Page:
HOSPITAL patients in Southend will be offered care at home under new plans to reduce bedblocking and tackle long delays.

The new scheme, called Southend Enhanced Discharge Service (SEDS), aims to get patients discharged earlier than normal and will see them given regular checks from health professionals from the comfort of their home.

NHS guidance is that 95 per cent of patients attending accident and emergency departments should be admitted, transferred or discharged within four hours.

But May’s figures show that a third of patients who were in need of the most serious A&E care at the Mid and South Essex NHS Foundation Trust - which runs Southend, Basildon and Broomfield hospitals - waited longer than four hours to be seen.

The care will be on offer to those patients who live alone or who don’t have access to support.

Bosses say the project will help recovering patients who may be at risk of falling at home, people with chest infections, or those with mobility issues.

They hope it will ease the pressure on Southend Hospital, which has been blighted with reports of long delays and lengthy ambulance queues outside A&E.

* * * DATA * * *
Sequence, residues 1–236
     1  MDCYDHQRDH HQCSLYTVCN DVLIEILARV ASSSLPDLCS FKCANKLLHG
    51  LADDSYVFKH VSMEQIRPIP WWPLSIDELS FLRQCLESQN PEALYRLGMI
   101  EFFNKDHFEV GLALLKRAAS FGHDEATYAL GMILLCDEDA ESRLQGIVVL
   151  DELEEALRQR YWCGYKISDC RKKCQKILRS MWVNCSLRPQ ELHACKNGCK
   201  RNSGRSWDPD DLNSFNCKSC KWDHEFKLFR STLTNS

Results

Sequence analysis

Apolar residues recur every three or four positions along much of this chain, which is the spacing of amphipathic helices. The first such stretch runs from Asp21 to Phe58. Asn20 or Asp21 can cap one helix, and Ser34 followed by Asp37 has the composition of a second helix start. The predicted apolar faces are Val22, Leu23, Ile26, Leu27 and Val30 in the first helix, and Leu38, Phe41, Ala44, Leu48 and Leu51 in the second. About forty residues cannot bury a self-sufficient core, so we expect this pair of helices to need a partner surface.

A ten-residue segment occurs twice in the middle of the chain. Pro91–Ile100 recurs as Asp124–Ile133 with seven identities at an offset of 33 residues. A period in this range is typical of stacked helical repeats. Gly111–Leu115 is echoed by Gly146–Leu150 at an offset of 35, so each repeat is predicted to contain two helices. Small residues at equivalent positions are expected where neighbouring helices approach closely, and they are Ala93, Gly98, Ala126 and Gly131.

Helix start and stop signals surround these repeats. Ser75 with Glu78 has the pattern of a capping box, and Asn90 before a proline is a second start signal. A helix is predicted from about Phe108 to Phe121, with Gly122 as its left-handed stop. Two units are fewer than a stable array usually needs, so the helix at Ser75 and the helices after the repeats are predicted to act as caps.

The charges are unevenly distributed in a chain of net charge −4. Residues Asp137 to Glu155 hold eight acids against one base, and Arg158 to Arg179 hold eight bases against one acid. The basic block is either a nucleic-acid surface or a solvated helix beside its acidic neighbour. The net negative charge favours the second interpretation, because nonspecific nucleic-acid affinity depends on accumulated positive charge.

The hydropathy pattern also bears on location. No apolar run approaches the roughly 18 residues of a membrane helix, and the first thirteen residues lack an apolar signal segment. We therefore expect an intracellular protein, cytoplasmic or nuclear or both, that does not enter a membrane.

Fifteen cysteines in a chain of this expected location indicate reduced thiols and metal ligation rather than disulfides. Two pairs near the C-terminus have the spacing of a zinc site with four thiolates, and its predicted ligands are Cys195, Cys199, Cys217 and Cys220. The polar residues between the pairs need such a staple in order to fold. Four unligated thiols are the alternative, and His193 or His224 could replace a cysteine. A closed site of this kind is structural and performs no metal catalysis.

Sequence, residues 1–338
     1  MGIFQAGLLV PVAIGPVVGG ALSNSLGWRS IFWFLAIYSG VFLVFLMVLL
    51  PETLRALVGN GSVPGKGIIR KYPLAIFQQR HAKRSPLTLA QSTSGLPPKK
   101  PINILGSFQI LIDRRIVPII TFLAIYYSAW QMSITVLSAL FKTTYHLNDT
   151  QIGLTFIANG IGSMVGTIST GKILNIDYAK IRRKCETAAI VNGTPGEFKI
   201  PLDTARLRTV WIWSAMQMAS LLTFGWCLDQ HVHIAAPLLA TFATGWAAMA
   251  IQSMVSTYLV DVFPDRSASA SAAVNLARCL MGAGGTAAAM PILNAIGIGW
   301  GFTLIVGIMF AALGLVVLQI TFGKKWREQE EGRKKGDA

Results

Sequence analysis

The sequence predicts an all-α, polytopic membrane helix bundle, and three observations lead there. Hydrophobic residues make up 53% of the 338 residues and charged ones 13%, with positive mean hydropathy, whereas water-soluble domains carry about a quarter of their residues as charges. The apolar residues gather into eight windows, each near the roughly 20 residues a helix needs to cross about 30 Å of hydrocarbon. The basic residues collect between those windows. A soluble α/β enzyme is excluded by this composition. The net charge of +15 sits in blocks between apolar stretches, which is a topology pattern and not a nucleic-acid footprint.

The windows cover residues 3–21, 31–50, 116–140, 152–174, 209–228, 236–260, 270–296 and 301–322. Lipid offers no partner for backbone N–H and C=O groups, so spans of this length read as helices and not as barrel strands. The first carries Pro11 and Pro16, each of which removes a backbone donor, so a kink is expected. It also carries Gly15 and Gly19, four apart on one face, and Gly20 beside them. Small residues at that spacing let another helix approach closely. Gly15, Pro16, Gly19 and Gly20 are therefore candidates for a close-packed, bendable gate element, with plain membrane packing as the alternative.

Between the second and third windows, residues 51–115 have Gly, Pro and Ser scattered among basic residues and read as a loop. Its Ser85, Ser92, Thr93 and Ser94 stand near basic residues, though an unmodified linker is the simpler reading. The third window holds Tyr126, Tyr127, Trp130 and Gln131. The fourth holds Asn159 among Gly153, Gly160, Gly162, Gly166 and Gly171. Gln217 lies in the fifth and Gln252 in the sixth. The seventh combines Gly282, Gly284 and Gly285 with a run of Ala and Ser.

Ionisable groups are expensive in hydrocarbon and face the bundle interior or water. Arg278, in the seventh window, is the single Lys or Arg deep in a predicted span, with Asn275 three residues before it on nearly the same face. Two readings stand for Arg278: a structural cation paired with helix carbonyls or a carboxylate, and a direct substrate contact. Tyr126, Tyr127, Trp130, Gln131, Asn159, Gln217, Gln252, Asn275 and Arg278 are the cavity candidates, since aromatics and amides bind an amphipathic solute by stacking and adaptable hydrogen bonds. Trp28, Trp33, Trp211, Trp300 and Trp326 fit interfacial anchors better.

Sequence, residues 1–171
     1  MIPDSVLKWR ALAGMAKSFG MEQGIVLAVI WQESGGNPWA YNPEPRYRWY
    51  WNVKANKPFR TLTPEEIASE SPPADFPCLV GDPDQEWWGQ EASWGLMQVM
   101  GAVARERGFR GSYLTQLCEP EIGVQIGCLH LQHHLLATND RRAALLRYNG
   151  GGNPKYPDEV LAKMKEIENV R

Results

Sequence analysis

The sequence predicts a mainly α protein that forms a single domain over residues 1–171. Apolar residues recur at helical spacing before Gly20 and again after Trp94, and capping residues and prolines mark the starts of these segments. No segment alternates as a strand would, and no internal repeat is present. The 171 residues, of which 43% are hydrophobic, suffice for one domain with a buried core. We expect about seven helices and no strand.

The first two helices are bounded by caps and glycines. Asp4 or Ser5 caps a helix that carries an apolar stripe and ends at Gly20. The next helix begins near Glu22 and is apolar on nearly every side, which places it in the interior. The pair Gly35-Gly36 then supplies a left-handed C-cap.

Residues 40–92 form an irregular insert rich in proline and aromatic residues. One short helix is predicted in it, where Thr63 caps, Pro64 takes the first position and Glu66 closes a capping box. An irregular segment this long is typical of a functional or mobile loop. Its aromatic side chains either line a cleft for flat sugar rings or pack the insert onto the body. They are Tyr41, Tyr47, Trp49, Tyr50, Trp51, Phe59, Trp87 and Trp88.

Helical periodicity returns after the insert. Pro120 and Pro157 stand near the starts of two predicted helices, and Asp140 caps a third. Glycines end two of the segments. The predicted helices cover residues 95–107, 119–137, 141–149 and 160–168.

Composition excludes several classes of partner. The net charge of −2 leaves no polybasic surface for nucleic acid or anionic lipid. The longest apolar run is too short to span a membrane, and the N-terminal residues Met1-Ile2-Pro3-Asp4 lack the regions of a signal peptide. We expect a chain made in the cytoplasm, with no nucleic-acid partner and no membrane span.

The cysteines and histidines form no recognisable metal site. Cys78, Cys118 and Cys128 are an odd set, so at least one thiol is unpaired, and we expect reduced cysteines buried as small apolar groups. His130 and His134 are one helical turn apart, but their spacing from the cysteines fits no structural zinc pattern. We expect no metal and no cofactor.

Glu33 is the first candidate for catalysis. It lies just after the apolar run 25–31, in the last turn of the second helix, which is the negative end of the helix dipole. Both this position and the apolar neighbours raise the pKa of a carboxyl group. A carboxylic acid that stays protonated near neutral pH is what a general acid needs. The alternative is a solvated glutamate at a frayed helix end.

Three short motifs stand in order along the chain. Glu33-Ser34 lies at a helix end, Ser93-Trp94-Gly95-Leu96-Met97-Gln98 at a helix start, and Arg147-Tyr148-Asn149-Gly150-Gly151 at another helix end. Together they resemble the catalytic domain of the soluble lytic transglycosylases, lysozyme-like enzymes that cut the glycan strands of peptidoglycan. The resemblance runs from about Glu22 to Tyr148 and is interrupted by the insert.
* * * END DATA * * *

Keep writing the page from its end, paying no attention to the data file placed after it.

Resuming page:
The scheme is being piloted until September and is being jointly funded by Southend Council and Southend Clinical Commissioning Group which oversees local healthcare.

John Walter, head of integrated care for the hospitals trust, said: “SEDS sees us being able to offer some of our older patients a temporary close level of support with care, occupational therapy and physiotherapy at home once they have left hospital, helping them in the short-term whilst they get their independence back.

“So far, this pilot scheme has supported 20 patients at home, with some no longer needing ongoing care.”

The new patients assessment scheme also comes after the hospital opened a new state-ofthe-art £1.2 million two-storey outpatients building to help ease pressure.

Kay Mitchell, Southend councillor responsible for adult social care and health integration, said: “This service is a collaborative effort as it brings together hospital staff, occupational therapists, physiotherapists, social workers and community workers to collectively support people to get home, and stay home, after a hospital stay.”